Monday was a perfect beach day, with a cooling breeze off the water that made low 30s temperatures bearable.
With the all-clear given for swimming at Parlee Beach by the Department of Health, many ventured into the water.
“We heard it’s a nice beach and we did check the conditions,” said beachgoer Andy Lacroix. “Yesterday wasn’t safe and today it is, so we thought we would check it out.”
Sunday marked the ninth time this season swimming has been restricted. Eight were because of excessive rain, which can create surface runoff that can carry bacteria into the water. The other time was because of positive sample results for bacteria.
“When it comes to water-quality testing, Parlee Beach has been getting great results,” said New Brunswick Premier Brian Gallant.
In May 2017, government invested nearly $3 million in infrastructure and studies to support water quality improvements at Parlee Beach.
Gallant says that is paying off.
“When you look at the amount of tests Parlee Beach has gone through where it has met or exceeded the national guidelines for swimming, it is actually quite good and we are talking about 95 per cent or more of the time the water is great to swimming,” Gallant said.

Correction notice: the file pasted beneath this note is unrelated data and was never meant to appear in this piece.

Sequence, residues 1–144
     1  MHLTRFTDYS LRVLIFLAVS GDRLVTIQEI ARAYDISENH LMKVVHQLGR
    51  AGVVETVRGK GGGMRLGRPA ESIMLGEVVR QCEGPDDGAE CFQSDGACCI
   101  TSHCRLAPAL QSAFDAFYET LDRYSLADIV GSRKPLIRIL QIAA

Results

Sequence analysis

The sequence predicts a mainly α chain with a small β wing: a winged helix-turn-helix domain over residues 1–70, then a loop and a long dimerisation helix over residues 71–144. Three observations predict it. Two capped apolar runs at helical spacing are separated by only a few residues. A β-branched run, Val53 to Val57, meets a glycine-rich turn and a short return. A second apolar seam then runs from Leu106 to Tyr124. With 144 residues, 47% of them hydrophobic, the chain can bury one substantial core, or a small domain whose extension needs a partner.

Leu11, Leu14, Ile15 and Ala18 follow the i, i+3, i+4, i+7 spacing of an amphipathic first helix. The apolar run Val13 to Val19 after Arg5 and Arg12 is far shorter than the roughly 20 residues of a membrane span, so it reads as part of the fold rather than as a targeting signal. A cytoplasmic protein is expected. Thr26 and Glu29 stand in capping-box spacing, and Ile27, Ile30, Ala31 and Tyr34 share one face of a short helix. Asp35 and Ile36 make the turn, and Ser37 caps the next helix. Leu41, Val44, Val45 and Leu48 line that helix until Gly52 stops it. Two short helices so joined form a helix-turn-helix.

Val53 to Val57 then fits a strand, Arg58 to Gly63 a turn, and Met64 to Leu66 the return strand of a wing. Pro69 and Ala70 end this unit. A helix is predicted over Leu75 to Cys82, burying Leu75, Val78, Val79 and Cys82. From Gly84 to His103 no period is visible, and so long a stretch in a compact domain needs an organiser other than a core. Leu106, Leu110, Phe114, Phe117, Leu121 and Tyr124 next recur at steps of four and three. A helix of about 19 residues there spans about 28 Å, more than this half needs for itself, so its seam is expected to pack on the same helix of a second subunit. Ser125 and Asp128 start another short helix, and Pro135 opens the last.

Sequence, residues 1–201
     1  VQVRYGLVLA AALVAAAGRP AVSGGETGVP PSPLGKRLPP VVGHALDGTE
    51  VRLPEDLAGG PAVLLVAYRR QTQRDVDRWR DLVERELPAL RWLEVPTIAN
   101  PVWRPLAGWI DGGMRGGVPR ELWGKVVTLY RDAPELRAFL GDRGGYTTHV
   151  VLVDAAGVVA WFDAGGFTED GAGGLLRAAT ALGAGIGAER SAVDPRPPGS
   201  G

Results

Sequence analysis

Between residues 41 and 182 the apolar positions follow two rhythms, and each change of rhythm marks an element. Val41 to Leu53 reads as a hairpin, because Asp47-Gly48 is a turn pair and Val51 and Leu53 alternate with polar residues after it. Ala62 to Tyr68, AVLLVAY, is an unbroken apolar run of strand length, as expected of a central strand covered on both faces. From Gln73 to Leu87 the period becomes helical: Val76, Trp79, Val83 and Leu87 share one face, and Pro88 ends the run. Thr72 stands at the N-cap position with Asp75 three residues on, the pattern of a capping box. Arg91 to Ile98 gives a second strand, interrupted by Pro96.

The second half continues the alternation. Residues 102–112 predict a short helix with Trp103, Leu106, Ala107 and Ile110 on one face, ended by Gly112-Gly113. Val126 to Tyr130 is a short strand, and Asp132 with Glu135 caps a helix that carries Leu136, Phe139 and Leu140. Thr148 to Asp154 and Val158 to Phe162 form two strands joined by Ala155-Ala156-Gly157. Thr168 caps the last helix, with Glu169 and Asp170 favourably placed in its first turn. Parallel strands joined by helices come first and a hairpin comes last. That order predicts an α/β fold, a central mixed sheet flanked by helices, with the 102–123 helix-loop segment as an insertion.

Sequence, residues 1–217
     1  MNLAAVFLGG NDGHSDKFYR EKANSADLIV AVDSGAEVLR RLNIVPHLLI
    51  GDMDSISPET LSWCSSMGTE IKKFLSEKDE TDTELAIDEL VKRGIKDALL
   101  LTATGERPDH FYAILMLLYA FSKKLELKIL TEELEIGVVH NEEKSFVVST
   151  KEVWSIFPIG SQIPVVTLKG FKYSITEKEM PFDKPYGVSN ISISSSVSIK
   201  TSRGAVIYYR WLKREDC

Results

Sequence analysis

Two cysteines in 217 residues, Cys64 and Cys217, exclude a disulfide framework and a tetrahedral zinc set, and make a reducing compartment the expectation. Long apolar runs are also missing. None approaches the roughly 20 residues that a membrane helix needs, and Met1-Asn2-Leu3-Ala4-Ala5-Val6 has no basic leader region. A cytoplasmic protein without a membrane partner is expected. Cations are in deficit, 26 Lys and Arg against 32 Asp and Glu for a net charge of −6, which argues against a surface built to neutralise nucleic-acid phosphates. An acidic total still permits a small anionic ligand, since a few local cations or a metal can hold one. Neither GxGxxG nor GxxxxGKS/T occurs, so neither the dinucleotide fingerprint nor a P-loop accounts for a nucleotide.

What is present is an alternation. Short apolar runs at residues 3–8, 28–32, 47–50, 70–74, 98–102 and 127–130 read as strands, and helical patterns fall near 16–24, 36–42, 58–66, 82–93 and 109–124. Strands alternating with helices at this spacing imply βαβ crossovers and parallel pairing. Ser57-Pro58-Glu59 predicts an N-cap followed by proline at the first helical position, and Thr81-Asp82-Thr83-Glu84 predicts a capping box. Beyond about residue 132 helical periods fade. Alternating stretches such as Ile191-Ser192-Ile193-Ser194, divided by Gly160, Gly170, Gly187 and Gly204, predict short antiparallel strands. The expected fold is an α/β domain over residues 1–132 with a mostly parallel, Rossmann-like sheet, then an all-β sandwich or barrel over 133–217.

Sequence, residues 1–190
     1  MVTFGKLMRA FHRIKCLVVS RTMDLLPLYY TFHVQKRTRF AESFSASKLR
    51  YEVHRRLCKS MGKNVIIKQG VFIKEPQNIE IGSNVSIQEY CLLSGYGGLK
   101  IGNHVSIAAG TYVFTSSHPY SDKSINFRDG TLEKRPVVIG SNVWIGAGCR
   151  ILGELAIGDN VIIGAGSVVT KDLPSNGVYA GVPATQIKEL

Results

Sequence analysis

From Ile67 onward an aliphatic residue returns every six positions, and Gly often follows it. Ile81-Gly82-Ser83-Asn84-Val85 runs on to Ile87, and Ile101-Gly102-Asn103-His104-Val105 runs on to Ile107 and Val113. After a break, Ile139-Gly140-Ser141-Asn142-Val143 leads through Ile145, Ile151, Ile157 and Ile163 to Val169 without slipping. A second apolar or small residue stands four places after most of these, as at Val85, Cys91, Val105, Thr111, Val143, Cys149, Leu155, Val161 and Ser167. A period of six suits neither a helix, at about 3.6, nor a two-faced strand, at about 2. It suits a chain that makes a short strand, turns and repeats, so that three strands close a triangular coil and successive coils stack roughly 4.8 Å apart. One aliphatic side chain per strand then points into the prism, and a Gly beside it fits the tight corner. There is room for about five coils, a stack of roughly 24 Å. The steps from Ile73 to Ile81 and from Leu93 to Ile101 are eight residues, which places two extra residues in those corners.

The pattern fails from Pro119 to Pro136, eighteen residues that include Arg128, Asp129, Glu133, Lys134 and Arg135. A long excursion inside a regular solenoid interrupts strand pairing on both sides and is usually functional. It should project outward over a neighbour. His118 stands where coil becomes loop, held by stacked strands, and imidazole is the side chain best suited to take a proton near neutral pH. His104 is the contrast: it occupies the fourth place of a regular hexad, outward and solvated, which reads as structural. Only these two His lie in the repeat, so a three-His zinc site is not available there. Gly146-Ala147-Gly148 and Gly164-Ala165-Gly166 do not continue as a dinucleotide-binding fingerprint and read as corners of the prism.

Ten water samples are taken a day at Parlee Beach and officials say the beach has been consistently meeting levels put in place by the Canadian recreational standards for water quality.
Arthur Melanson of the Red Dot Society suggests the higher number of clean tests could be because there are fewer people at the beach.
“When you get 10,000 people on the beach using the sewage infrastructure, it cannot handle that because of the issues that could be there,” Melanson said.
With visitation to the beach down, the economy is starting to suffer
“It has affected some businesses, there’s no doubt about that,” says Ron Cormier of the Greater Shediac Chamber of Commerce.
Cormier says water quality issues at Parlee Beach are being overblown.
“It’s a shame that we have certain groups to continue to drive an agenda that is targeted towards putting a moratorium on economic development and they’re using Parlee Beach to do so,” he said.
As summer continues, people will still visit the beach, but many more will forego a trip to the surf and sand until confidence in the New Brunswick attraction is restored.
With files from CTV Atlantic’s Jonathan MacInnis.
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